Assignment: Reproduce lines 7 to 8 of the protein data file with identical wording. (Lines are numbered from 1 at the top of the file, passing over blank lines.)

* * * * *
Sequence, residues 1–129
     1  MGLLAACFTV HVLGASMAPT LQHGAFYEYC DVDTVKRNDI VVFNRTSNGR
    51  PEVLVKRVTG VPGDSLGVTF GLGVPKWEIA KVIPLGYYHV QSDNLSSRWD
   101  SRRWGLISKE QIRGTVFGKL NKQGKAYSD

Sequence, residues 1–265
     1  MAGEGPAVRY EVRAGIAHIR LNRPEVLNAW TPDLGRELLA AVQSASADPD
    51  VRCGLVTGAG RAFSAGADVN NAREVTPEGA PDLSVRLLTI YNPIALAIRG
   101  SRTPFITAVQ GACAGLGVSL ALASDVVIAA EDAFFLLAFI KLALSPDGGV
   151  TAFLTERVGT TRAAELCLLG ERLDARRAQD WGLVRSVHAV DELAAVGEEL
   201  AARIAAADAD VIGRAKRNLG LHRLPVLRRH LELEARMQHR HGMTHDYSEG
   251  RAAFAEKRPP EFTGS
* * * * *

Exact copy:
    51  VRCGLVTGAG RAFSAGADVN NAREVTPEGA PDLSVRLLTI YNPIALAIRG
   101  SRTPFITAVQ GACAGLGVSL ALASDVVIAA EDAFFLLAFI KLALSPDGGV